Posted in Big Government, Book Notes, Britain, Europe, France, Germany, History, Military Affairs | 58 Comments »

    Book Review: The Year of the French (rerun)

    Posted by David Foster on 17th March 2021 (All posts by )

    The Year of the French, by Thomas Flanagan

    St Patrick’s day gives me a good hook for re-posting this review, in the hope of inspiring a few more people to read this superb book.  Ralph Peters calls this it “the finest historical novel written in English, at least in the twentieth century,” going on to say “except for ‘The Leopard,’ I know of no historical novel that so richly and convincingly captures the ambience of a bygone world.”

    In August of 1798, the French revolutionary government landed 1000 troops in County Mayo to support indigenous Irish rebels, with the objective of overthrowing British rule in Ireland.  The Year of the French tells the (fictionalized but fact-based) story of these events from the viewpoint of several characters, representing different groups in the complex and strife-ridden Irish social structure of the time.

    Owen MacCarthy is a schoolmaster and poet who writes in the Gaelic tradition.  He is pressed by illiterate locals to write a threatening letter to a landlord who has evicted tenants while switching land from farming to cattle-raising.  With his dark vision of how an attempt at rebellion must end–“In Caslebar.  They will load you in carts with your wrists tied behind you and take you down to Castlebar and try you there and hang you there”–MacCarthy is reluctant to get involved, but he writes the letter.

    Sam Cooper, the recipient of the letter, is a small-scale landlord, and captain of the local militia.  Indigenously Irish, his family converted to Protestantism several generations ago to avoid the crippling social and economic disabilities imposed on Catholics. Cooper’s wife, Kate, herself still Catholic, is a beautiful and utterly ruthless woman…she advises Cooper to respond to the letter by rounding up “a few of the likeliest rogues,”  jailing and flogging them, without any concern for actual guilt or innocence. “My God, what a creature you are for a woman,”  Cooper responds. “It is a man you should have been born.”  “A strange creature that would make me in your bed,” Kate fires back, “It is a woman I am, and fine cause you have to know it…What matters now is who has the land and who will keep it.”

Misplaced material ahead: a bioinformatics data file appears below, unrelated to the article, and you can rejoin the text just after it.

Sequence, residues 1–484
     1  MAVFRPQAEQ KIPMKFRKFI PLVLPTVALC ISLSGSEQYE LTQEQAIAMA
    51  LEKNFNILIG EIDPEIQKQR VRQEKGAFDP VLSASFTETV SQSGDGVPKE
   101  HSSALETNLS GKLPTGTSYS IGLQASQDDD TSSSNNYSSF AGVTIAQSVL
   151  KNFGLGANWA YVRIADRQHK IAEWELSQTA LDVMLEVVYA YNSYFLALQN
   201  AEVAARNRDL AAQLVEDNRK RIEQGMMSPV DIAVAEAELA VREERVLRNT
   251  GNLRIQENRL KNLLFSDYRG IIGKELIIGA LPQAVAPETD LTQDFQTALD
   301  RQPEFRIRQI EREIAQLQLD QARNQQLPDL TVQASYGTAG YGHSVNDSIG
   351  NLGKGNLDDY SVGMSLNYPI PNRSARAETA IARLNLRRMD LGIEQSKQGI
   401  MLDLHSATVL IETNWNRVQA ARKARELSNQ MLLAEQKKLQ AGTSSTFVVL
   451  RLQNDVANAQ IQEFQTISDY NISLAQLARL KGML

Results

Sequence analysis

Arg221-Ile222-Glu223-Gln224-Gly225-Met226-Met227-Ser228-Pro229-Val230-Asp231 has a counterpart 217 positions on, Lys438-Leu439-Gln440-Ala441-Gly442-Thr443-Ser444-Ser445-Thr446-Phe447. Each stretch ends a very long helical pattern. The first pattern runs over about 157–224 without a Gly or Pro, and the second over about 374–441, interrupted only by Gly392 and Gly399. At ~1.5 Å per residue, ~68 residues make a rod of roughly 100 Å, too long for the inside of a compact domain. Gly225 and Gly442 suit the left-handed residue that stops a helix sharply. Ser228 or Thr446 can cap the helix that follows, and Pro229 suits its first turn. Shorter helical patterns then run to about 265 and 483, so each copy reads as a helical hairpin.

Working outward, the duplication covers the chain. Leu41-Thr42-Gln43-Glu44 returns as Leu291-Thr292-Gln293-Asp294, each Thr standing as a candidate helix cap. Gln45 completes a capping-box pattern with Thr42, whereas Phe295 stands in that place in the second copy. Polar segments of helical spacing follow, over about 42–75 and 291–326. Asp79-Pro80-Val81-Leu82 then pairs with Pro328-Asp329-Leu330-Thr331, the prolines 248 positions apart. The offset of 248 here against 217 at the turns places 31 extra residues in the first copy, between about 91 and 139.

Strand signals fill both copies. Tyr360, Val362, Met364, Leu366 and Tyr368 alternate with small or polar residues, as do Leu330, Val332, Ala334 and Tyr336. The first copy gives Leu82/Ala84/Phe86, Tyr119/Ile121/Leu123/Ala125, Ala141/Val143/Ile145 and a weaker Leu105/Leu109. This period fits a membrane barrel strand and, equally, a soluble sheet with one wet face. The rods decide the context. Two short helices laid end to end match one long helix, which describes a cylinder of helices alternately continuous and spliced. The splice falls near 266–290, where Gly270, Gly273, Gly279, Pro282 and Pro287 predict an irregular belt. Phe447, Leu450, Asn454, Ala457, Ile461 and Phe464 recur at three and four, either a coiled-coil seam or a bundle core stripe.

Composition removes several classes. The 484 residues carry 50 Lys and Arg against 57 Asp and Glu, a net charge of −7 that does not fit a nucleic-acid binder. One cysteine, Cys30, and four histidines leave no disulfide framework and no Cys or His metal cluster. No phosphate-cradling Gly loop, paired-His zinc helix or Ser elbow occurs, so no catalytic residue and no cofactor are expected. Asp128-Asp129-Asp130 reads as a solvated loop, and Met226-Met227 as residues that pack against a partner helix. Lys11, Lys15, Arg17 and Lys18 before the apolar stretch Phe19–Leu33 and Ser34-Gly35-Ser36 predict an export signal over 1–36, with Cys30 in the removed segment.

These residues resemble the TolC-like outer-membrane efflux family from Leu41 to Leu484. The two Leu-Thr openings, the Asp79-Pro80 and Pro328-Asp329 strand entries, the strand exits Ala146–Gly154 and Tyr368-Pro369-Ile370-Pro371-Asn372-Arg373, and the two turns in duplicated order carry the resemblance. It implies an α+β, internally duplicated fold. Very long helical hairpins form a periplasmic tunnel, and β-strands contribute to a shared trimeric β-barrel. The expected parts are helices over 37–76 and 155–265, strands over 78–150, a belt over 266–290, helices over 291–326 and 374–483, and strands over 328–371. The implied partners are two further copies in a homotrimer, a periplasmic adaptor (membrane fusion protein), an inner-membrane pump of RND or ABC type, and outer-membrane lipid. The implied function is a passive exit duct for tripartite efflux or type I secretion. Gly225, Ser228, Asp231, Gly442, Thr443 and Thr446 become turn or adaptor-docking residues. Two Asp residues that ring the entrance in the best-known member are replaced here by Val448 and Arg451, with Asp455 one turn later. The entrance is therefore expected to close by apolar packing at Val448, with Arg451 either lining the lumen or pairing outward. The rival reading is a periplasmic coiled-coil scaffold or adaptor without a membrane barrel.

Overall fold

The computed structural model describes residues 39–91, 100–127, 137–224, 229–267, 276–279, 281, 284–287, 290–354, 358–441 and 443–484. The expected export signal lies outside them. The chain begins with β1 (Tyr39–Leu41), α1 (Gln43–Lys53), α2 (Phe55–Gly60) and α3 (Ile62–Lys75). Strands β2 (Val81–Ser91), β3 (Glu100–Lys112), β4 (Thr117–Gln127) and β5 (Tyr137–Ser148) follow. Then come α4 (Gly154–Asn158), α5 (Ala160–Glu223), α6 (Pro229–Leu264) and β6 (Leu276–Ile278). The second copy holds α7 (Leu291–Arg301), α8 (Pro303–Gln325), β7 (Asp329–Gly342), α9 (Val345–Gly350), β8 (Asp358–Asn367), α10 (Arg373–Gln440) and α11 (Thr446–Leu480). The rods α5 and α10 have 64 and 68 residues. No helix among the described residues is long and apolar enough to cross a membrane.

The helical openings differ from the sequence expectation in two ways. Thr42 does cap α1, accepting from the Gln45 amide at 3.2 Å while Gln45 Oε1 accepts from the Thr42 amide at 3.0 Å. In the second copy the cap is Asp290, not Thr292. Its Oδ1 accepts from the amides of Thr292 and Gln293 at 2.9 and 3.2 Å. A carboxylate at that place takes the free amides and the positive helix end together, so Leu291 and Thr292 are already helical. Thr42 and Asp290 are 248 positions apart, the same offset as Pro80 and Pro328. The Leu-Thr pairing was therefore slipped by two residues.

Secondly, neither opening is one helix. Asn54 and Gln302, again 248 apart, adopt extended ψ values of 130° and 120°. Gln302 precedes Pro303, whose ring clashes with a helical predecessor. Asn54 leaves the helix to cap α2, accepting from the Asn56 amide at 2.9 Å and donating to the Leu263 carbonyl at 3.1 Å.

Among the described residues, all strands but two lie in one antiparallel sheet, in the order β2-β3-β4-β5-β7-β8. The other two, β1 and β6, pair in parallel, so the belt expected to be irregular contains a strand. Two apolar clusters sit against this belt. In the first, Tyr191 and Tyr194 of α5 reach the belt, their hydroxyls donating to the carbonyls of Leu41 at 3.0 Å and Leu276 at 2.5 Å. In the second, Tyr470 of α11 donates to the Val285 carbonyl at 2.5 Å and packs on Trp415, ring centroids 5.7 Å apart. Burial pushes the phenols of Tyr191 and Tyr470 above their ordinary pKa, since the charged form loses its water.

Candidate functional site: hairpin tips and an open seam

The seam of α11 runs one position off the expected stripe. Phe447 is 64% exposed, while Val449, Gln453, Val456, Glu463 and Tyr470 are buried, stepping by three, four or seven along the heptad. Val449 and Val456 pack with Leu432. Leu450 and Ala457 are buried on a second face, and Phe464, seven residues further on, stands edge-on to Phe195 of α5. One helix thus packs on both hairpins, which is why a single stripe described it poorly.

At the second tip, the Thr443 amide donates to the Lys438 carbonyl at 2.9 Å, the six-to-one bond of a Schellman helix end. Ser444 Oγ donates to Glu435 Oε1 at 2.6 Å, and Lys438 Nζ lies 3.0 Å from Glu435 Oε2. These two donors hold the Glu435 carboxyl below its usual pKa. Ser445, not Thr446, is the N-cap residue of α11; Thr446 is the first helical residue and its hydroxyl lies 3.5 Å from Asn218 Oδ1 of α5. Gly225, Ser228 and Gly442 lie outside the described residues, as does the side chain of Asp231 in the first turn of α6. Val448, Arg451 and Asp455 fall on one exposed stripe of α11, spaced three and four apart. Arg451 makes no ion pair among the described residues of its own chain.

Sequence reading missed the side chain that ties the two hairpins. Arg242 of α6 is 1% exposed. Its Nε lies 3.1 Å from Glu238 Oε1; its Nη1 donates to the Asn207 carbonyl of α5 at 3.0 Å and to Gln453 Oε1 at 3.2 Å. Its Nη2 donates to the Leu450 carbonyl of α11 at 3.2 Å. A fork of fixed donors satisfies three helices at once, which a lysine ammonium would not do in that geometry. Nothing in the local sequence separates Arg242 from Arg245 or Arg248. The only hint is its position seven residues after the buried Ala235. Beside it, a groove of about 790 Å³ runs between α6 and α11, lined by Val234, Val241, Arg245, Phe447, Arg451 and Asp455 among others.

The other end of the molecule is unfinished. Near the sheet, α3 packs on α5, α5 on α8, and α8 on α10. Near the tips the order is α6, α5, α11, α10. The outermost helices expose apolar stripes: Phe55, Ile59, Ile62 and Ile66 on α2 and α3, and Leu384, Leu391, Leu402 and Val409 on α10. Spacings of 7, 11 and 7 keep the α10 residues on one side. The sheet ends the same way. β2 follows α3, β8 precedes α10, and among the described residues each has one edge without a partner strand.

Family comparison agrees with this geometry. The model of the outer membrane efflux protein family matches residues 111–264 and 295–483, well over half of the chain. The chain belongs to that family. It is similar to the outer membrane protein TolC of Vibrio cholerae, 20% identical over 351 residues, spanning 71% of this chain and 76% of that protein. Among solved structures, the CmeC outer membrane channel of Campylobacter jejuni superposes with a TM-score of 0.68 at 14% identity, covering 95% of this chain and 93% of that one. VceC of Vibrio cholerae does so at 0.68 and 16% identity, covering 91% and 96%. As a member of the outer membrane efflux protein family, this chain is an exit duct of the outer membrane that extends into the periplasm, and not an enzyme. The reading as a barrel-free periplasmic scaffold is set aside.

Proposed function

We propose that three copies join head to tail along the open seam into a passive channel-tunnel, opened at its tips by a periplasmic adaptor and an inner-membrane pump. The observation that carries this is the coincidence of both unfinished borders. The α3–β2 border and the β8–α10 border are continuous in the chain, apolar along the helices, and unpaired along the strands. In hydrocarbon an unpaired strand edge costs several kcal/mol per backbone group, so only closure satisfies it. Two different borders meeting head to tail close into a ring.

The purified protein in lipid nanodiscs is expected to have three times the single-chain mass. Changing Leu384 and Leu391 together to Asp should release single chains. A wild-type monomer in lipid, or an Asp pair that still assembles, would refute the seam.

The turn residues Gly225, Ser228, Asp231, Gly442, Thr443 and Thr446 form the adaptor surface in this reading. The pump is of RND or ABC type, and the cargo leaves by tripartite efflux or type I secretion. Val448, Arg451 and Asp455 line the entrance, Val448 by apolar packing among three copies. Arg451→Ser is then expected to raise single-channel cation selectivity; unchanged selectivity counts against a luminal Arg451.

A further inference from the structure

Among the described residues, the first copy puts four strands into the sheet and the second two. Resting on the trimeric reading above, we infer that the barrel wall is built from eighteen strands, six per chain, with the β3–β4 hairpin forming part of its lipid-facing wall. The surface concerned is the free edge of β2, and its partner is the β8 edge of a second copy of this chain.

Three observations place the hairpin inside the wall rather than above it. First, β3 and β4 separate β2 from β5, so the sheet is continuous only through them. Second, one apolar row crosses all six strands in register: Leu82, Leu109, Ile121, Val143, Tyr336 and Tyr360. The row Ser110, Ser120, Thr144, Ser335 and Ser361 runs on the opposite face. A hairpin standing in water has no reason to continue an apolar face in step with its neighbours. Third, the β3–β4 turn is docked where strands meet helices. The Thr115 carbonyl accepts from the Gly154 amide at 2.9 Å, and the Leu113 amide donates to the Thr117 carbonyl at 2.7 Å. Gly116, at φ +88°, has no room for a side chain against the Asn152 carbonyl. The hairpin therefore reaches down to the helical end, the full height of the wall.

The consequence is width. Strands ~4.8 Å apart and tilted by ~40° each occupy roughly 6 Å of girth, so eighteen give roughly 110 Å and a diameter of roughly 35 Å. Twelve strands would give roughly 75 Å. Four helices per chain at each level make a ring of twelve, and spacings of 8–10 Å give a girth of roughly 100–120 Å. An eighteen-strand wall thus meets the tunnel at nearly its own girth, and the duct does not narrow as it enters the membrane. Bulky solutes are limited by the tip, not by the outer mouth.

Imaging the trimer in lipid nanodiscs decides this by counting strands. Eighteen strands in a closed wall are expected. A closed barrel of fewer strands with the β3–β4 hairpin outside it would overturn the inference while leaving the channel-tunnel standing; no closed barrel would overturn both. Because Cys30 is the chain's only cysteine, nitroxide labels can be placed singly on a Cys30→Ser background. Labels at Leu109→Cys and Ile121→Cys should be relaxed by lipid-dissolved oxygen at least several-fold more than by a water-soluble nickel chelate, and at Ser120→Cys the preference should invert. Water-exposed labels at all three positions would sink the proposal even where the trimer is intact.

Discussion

Ferdy O’Donnell  is a young hillside farmer on Cooper’s land.  Far back in the past, the land was owned by the O’Donnell family…Ferdy had once shown Cooper  “a valueless curiosity, a parchment that recorded the fact in faded ink the colour of old, dried blood.”

    Arthur Vincent Broome is a Protestant clergyman who is not thrilled by the “wild and dismal region” to which he has been assigned, but who performs his duties as best he can. Broome is resolved to eschew religious bigotry, but…”I affirm most sincerely that distinctions which rest upon creed mean little to me, and yet I confess that my compassion for their misery is mingled with an abhorrence of their alien ways…they live and thrive in mud and squalour…their music, for all that antiquarians and fanatics can find to say in its flavor, is wild and savage…they combine a grave and gentle courtesy with a murderous violence that erupts without warning…”‘

    Malcolm Elliott is a Protestant landlord and solicitor, and a member of the Society of United Irishmen.  This was a revolutionary group with Enlightenment ideals, dedicated to bringing Catholics and Protestants together in the cause of overthrowing British rule and establishing an Irish Republic.  His wife, Judith, is an Englishwoman with romantic ideas about Ireland.

    John Moore, also a United Irishman, is a member of one of the few Catholic families that have managed to hold on to their land.  He is in love with Ellen Treacy, daughter of another prominent Catholic family: she returns his love, but believes that he is caught in a web of words that can only lead to disaster.  “One of these days you will say a loose word to some fellow and he will get on his horse and ride off to Westport to lay an information with Dennis Browne, and that will be the last seen of you”